Author(s): A. E. Housman
A.E. Housman was one of the best-loved poets of his day, and "A Shropshire Lad and Other Poems" is a collection of poems whose elegant simplicity of form belies their hidden complexities. This "Penguin Classics" edition is introduced by Nick Laird with revisions by Archie Burnett and an afterword by John Sparrow. 'What are those blue remembered hills, What spires, what farms are those?' In this collection, A. E. Housman's poems, including "To an Athlete Dying Young", "Loveliest of Trees, the Cherry Now" and "When I Was One-and-Twenty", conjure up a potent and idyllic rural world imbued with a poignant sense of loss and sadness. Their scope is wide - ranging from religious doubt and doomed love to intense nostalgia for the countryside and patriotic celebration of the life of the soldier - and they are made all the more memorable by their distinctive diction and perfectly modulated rhythm and sound.
This volume brings together the works Housman published in his lifetime, "A Shropshire Lad" (1896) and "Last Poems" (1922), along with the posthumous selections "More Poems" and "Additional Poems", and three translations of extracts from Aeschylus, Sophocles and Euripides that display his mastery of Classical literature. This edition has been revised by Archie Burnett and includes updated notes on the text and indexes of first lines and titles. In his afterword, John Sparrow discusses Housman's methods of writing and melancholic temperament. Alfred Edward Housman (1859-1936) usually known as A.E. Housman, was an English poet and classical scholar, now best known for his cycle of poems "A Shropshire Lad". If you enjoyed "A Shropshire Lad and Other Poems", you might like John Clare's "Selected Poems", also available in "Penguin Classics".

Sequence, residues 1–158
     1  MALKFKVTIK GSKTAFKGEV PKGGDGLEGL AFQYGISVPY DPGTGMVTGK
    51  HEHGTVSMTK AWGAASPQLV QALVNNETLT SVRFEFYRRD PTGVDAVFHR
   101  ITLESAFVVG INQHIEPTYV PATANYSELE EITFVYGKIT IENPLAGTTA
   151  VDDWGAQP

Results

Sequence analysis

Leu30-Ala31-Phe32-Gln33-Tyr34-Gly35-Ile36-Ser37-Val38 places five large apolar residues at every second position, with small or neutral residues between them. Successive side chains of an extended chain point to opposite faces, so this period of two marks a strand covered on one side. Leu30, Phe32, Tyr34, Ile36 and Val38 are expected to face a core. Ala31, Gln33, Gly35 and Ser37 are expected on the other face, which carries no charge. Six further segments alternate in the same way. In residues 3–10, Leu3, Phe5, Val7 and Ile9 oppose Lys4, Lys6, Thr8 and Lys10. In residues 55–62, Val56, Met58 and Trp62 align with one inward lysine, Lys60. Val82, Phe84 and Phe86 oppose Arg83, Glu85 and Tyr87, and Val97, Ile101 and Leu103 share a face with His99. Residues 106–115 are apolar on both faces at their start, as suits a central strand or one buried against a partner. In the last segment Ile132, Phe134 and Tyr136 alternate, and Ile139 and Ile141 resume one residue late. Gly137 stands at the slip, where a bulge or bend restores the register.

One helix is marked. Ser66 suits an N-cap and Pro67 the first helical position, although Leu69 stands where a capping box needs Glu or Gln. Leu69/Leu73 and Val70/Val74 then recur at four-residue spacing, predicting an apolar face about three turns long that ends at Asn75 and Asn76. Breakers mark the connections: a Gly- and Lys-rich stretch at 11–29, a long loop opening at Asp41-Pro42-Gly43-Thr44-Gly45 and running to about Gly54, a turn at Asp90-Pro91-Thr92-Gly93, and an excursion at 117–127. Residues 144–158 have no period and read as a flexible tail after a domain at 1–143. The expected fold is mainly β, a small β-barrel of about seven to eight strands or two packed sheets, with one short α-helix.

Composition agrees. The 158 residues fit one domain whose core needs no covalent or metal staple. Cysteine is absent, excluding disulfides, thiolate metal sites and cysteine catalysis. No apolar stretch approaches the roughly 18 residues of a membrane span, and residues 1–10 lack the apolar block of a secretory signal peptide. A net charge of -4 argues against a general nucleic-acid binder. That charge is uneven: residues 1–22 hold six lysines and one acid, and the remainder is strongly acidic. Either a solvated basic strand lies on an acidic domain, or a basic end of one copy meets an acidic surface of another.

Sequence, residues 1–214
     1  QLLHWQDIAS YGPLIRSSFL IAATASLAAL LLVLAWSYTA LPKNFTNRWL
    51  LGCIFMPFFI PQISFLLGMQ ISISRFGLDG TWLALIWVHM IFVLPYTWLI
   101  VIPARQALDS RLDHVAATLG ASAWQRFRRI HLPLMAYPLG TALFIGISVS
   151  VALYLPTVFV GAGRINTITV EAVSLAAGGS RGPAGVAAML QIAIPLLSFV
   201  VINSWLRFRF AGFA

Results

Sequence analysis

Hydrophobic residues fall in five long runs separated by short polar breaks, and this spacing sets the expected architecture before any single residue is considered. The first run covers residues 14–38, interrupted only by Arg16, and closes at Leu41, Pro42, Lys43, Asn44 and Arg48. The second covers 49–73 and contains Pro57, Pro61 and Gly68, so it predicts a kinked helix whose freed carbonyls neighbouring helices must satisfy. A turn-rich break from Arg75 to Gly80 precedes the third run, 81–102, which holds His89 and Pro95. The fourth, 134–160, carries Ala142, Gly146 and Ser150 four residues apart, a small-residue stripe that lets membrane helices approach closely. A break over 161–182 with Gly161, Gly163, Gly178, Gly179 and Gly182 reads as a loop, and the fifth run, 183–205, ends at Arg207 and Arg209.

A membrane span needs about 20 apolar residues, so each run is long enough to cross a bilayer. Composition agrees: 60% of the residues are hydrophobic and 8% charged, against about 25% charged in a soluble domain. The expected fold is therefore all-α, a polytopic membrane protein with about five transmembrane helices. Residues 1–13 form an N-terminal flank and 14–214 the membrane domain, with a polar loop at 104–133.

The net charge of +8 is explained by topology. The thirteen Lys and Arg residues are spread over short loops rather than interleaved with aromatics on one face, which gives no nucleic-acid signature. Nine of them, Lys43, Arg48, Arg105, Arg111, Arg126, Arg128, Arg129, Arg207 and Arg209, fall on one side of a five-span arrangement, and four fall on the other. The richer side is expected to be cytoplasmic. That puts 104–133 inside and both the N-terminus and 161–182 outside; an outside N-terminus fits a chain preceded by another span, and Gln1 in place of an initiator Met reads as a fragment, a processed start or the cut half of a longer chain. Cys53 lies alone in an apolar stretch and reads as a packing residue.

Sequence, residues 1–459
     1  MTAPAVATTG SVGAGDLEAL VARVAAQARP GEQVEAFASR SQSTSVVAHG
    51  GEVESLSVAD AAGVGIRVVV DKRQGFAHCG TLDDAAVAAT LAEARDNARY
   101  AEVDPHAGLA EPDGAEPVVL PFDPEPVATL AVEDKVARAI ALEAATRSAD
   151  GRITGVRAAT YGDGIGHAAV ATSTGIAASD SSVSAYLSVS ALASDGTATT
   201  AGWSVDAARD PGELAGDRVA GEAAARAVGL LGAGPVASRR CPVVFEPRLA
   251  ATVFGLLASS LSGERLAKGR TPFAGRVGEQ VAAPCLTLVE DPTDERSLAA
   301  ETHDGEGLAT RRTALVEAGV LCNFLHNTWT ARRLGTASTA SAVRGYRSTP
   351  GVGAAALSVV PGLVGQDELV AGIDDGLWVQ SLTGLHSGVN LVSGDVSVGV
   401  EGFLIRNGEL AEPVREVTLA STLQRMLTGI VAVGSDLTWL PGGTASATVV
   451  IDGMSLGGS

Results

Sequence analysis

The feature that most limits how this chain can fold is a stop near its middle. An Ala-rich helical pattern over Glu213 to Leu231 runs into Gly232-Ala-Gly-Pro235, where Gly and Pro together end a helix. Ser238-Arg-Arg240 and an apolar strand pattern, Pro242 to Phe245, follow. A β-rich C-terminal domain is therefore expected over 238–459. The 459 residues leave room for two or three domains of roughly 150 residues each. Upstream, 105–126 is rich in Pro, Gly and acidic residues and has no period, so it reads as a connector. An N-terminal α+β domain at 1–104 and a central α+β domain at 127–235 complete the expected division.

Alfred Edward Housman (March 26, 1859 - April 30, 1936), usually known as A.E. Housman, was an English poet and classical scholar, now best known for his cycle of poems A Shropshire Lad. Nick Laird was born in 1975 in County Tyrone, Northern Ireland. He was a scholar at Cambridge University and spent a year at Harvard as a visiting fellow. He also worked for several years as a litigator and arbitration lawyer in London and Warsaw. The author of the poetry collections To A Fault (Faber/Norton) and On Purpose (Faber/Norton), he has received several prestigious awards for both poetry and fiction, including the 2005 Rooney Prize for Irish Literature and the Ireland Chair of Poetry Award. His first novel, Utterly Monkey (Fourth Estate/Harper Collins) won the Betty Trask Prize for best first novel and was shortlisted for Irish Novel of the Year and the Commonwealth Writers Prize. His second novel, Glover's Mistake, was published by 4th Estate in the spring of 2009.